Slide-Out Bike Rack Van

We often say that our Ford Transit DIY camper van conversion is built around the mountain bikes, so a proper bike rack is expected! Since we first brainstormed about the van, we knew that:

  • the mountain bikes must be stored inside the van (for thief and climate protection)
  • the bike rack must be quick and easy to load / unload (for sanity)
  • the storage solution must leave enough space for the bed above (for comfort)
  • catch dirt/dust/crap and easy to clean

 

We looked around and found that Traipsing About’s design was exactly what we were looking for! Here is our adaptation of the slide-out bike rack to our Ford Transit.

 

 

TIME SPENT ON THE JOB: 8 hours

 

TOTAL COST : 280$ USD

 

DISCLOSURE: This post contains affiliate links, which means that if you click and commit to buy one of the product linked, we will receive a commission fee. The price you pay remains the same, affiliate link or not. Buying through our affiliate links is a great way to say thanks if we were of any help in your van conversion! Alternatively, you can visit our Say Thanks! page.

 

MATERIAL:

 

TOOLS:

 

PRE-REQUISITE

 

Disclaimer

We’re not woodworkers. We’re not well equipped in tools. So this is not a “How-To”.  This is just how we did it with our limited knowledge & limited access to appropriate tools. There are probably standards, but we’re probably not following them . That being said, we’re very satisfied with the final result and we are proud of what we accomplished!




 

 

First of all, we ensured the location and the function of the slide-out bike rack is optimized. The 3D model layout helped us a great deal with that…
ford-transit-camper-van-conversion-slide-out-bike-rack-cad

Interactive 3D model here


 

The Tray

The dimensions of the tray are 60″ long x 19″ wide x 3″ height (built from ½” baltic birch plywood). This provides enough space for the two mountain bikes with the front wheels on the side. (Depending on the fork, the front wheels axis is removed either from the left side or right side of the bike; make sure there is enough clearance to remove the quick release)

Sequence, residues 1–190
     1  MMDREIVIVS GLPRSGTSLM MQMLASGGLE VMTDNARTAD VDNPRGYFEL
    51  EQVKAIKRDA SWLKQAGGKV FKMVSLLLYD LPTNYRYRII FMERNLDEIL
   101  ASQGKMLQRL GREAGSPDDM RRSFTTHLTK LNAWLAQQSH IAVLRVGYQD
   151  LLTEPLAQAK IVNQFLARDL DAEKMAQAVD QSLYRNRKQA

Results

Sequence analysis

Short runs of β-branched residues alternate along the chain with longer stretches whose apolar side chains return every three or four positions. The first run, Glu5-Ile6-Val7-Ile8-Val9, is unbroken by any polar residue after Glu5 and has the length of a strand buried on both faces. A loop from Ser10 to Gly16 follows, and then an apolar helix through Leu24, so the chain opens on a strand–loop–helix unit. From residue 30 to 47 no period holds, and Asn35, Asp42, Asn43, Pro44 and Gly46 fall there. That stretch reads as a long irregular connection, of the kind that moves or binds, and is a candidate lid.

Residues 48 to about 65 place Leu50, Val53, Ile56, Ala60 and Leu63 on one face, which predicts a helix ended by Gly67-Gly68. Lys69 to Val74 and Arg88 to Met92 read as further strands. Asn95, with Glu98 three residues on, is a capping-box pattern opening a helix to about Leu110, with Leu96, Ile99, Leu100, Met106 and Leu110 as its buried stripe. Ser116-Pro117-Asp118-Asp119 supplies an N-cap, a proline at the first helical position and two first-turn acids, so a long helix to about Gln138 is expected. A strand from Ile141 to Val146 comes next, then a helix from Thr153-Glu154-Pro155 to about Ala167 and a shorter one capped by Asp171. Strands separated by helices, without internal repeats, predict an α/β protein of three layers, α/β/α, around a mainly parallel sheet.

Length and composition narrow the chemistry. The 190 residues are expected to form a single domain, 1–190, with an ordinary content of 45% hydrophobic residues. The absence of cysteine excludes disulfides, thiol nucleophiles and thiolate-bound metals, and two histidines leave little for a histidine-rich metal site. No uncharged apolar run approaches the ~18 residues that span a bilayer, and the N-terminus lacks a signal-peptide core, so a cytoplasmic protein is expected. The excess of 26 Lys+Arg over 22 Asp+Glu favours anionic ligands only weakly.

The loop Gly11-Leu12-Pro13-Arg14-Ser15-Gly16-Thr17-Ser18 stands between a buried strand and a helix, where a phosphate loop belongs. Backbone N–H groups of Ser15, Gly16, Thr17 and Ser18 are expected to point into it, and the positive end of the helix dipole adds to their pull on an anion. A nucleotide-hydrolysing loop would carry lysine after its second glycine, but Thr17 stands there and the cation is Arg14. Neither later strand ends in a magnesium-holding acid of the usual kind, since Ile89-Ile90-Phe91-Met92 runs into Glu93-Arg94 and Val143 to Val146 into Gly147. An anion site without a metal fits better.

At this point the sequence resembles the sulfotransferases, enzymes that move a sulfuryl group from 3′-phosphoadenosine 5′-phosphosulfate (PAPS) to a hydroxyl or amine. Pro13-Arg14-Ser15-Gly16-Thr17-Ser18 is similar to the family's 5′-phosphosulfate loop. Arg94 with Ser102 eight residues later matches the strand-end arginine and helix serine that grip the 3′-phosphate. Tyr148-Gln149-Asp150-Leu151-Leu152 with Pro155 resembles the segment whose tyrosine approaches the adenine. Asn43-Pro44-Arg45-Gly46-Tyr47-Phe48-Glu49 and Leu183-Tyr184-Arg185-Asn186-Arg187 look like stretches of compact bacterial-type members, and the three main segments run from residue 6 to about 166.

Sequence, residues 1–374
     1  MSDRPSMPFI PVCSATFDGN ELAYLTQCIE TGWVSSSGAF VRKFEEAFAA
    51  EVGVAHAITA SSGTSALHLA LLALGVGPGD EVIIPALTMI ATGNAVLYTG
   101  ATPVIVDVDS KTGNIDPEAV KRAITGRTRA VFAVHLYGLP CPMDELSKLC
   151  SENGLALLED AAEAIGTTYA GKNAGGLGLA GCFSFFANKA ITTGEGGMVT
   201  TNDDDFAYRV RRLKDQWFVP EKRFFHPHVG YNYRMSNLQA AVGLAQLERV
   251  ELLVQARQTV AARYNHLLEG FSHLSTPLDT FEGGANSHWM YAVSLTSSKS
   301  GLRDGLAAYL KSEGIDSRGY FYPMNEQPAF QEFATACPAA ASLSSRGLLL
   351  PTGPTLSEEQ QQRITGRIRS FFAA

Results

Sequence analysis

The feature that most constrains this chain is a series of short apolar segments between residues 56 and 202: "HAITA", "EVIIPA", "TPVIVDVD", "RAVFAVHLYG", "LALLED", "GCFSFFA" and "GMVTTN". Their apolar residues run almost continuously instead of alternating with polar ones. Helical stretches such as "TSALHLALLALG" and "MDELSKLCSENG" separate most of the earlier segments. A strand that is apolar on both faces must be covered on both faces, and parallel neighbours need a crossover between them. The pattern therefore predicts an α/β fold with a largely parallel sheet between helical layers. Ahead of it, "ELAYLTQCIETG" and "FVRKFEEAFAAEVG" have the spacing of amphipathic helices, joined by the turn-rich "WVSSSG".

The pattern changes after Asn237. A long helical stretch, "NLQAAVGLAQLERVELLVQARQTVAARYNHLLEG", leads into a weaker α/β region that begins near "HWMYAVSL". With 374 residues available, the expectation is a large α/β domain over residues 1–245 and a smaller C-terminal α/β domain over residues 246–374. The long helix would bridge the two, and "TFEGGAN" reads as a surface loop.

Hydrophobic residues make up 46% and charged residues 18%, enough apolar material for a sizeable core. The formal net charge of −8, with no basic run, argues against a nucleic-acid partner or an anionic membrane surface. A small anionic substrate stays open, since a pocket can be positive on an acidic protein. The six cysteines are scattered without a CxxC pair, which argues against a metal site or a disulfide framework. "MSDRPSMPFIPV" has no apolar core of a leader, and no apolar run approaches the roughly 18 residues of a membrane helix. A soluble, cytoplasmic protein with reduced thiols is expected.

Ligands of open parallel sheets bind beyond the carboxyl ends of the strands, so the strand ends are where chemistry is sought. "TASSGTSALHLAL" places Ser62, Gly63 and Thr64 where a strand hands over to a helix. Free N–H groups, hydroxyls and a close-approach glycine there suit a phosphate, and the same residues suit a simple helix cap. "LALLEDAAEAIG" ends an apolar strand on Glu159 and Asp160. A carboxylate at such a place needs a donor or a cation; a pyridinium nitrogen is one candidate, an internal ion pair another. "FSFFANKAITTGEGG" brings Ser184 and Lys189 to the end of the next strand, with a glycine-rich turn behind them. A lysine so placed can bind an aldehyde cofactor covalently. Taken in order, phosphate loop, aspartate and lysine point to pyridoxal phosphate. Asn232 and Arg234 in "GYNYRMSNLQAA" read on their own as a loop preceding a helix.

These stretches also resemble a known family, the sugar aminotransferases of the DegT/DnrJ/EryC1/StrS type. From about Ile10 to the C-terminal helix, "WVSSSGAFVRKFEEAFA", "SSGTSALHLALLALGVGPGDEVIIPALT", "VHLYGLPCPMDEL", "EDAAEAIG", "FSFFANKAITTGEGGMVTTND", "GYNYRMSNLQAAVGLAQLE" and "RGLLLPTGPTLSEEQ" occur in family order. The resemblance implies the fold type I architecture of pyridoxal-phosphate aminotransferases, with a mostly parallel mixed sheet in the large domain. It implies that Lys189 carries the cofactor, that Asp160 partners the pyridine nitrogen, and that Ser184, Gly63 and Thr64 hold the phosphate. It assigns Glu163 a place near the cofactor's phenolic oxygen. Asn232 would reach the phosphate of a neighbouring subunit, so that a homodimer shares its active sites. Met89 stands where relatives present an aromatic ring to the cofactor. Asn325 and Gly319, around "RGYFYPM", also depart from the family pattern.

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Very first wood project of the conversion! Figuring things out…

 

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Triple-checking that the bikes will fit under the bed

 

This is one of the easiest woodworking project on the van… just cut plywood sheet to size, then glue & screw; the glue provides the bond between the plywood sheets, the screws hold everything together while the glue is curing.

We used #4 screws (1″ length) (Buy from Amazon) and Titebond III Waterproof Wood Glue (Buy from Amazon):

titebond-iii-exterior-wood-glue

 

The Structure

The dimensions of the structure is 48″ long x 4″ height (built from ½” baltic birch plywood). The slide-out bike rack is attached to the van’s floor plywood (underneath  the vinyl floor) with #8 wood screws. We used 2″ x 2″ corner braces every 12-13 inches to transferred the load from the tray to the van. The mountain bikes are not that heavy, but a guest sitting on the extended rack is a lot of load… we had to keep that in mind.

ford-transit-camper-van-conversion-slide-out-bike-rack-13

2″ x 2″ corner braces (Buy from Amazon) every 12 to 14 inches

 

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Smaller 20mm x 20mm corner braces (Buy from Amazon) were also added inside, for additional holding power (the drawer is extended in the picture)

The Extension Slides

We wanted the drawer to extend 48″ and after using the slide-out for a summer, we can tell this was a good idea. It makes loading/unloading the bikes so much easier! It also bring a “Wow!” factor at the trail head and is a good conversation starter 🙂

 

When shopping for extension slides, make sure to select ones that have a locking feature; the locking device will keep the drawer in fully out or fully in position. The van is never leveled…